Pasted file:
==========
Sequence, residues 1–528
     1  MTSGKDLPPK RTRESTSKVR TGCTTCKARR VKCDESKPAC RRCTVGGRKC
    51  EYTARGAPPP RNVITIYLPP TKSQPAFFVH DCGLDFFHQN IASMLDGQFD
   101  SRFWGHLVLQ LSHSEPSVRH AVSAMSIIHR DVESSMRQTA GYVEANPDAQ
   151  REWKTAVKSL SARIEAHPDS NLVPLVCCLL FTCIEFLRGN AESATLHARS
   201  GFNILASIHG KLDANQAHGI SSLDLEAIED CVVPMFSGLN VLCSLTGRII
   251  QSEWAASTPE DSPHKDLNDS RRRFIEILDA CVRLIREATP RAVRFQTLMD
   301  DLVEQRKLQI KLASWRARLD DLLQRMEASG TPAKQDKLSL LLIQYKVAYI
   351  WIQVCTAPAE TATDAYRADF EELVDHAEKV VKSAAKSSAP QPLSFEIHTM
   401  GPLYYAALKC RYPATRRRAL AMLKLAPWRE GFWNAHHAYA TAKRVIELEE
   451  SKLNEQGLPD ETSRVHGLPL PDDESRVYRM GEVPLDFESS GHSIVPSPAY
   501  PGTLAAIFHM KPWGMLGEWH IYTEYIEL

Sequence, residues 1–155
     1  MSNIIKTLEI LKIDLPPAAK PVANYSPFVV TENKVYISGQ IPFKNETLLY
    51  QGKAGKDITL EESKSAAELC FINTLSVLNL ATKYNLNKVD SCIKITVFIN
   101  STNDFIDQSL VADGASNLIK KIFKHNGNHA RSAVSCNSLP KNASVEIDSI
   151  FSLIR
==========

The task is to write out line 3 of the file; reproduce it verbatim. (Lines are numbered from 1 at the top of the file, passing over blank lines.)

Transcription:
    51  EYTARGAPPP RNVITIYLPP TKSQPAFFVH DCGLDFFHQN IASMLDGQFD